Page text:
Oenothera elata ssp. hookeri perennial herb grows along the coast from San Francisco to San Diego. It grows in an upright form to a height of 5 feet. Flowers are yellow; leaves are medium green and deciduous. Its form may be either upright or sprawling.
Native Americans used both root and leaves for diuretic function, sedative and laxative effect and to soothe both skeletal and muscle pain.
This evergreen shrub is a native plant of the Aster family, and with its multi-branched and crinkled light green leaves that produce large quantities of bright yellow flowers; San Diego Sunflower is restricted to coastal southern California and northern Baja.
It is very floriferous and blooms most of the year. It is known by the common names such as San Diego Sunflower and Tornleaf Goldeneye. It’s native to the dry mesas, canyons and mountain slopes and is part of chaparral and coastal sage scrub communities.
During one of my visits to the Vernal Pool Restoration Project on Proctor Valley Road, as I was driving I noticed in the distance a garland of flowers protruding over one of the many Laurel Sumacs near the dry wash. There stood a large perennial that served up a generous portion of large, crepe paper-like white flowers with showy yellow stamens, which looks like a fried egg-plant.
The flower is lightly scented with 8-9 inch wide blooms festooning the upper reaches of stout with glabrous stems cloaked in irregularly lobed gray-green leaves, this shrub is tough-as-nails and spreads by vigorous rhizomes, Romneya coulteri likes sun and good drainage; in heavy soils it can be difficult to establish. Matilija Poppy can be found in dry washes and canyons away from the immediate coast and in communities located in chaparral, coastal sage scrub between 1000 and 4,000 feet.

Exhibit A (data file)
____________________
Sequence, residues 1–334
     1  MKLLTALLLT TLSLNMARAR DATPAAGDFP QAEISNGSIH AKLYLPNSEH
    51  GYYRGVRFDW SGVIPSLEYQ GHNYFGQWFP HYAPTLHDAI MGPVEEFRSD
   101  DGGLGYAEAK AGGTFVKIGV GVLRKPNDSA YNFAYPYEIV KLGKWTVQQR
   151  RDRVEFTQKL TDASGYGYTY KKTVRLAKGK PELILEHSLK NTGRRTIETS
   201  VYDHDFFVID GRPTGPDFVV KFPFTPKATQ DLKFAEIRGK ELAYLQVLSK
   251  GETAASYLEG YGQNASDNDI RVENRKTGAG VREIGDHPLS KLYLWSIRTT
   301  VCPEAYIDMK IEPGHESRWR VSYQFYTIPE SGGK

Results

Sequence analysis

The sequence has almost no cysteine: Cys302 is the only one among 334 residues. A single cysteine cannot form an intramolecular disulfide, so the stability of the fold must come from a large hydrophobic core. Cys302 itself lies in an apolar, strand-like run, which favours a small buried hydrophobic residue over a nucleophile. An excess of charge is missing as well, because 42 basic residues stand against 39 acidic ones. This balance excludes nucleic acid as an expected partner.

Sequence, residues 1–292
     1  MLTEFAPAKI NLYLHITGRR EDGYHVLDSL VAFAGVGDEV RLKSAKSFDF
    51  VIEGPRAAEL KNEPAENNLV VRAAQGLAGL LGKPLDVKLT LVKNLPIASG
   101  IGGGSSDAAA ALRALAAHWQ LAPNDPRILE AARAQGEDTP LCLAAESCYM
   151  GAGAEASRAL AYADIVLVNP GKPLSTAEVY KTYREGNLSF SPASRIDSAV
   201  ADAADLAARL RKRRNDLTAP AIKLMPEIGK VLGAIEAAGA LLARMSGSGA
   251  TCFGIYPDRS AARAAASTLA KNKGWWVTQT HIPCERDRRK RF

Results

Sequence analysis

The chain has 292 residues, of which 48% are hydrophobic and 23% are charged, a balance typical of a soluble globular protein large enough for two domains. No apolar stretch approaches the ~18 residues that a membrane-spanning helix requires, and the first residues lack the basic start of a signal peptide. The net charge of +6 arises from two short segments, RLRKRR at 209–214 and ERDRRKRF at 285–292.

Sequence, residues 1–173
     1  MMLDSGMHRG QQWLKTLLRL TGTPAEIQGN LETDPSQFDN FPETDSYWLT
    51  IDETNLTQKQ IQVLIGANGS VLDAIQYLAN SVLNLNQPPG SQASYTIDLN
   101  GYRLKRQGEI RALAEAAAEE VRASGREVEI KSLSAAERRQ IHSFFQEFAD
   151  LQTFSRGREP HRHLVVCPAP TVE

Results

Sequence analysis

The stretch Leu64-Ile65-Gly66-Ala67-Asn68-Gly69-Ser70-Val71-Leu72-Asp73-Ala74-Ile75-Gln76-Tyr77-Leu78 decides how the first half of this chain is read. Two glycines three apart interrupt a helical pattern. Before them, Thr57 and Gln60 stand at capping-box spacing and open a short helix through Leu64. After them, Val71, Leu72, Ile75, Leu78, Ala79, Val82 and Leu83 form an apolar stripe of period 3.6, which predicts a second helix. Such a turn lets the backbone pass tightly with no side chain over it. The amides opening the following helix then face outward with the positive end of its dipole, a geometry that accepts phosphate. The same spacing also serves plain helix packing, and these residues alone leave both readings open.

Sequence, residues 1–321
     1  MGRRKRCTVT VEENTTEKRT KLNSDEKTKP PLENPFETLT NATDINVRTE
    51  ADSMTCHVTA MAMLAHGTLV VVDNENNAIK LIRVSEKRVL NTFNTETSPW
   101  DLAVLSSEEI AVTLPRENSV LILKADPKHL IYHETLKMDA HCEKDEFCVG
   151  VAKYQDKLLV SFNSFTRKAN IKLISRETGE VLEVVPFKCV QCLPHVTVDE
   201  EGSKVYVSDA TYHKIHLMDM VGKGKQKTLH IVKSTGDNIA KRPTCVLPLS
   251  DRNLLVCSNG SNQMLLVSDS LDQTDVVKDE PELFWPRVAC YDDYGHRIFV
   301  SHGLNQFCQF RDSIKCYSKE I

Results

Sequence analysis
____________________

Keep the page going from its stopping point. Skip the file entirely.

In 1890 this California wildflower was often called the “fried-egg poppy,” and was a nominee for the honor of the California state flower, but came in second to the California poppy, Eschscholzia californica.
Matilija poppy is said to be named after Chief Matilija of the Chumash Indian Tribe.
In the stalk of the flower, there is a clear to yellowish liquid substance that the Cahuilla Indians used to drink.
The Native Chumash Indians valued the plant for its medicinal value as well. The plant was used medicinally for skin and gum problems and stomach upset. The folklore of the the Chumash people believed the petals of the flower were made from the soul of a maiden, who died of a broken heart. Their Chumash gods transformed her into the pure white petal.
This shrub is native to Southern California and Baja California where it is a member of the sage plant community, it can be found on inland foothills in the Transverse and Peninsular Ranges. This evergreen perennial sunflower can reach 3’-4’ in height with a 2” inch diameter flower; great in mass planting on hillsides and slopes.
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California Sunflower is a host plant for the larvae of the Checkerspot butterfly, a threatened species.
The Kumeyaay name for the Bush Sunflower is Nahekwi, which means, “It watches the sun.”
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Bush Sunflower was an important medicinal plant for the local Gabrielino/Tongva people. All parts of the plant were mashed and boiled to form a thick paste that was spread on aching joints; the paste was also dissolved in warm water as a soothing bath to decrease the pain of rheumatism.